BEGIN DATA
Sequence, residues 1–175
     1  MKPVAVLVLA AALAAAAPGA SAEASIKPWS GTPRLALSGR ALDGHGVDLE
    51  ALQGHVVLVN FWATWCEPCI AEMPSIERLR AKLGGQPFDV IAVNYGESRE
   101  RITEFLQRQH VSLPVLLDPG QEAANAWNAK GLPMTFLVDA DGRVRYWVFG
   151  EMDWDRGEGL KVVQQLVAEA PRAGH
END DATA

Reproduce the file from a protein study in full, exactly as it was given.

Sequence, residues 1–175
     1  MKPVAVLVLA AALAAAAPGA SAEASIKPWS GTPRLALSGR ALDGHGVDLE
    51  ALQGHVVLVN FWATWCEPCI AEMPSIERLR AKLGGQPFDV IAVNYGESRE
   101  RITEFLQRQH VSLPVLLDPG QEAANAWNAK GLPMTFLVDA DGRVRYWVFG
   151  EMDWDRGEGL KVVQQLVAEA PRAGH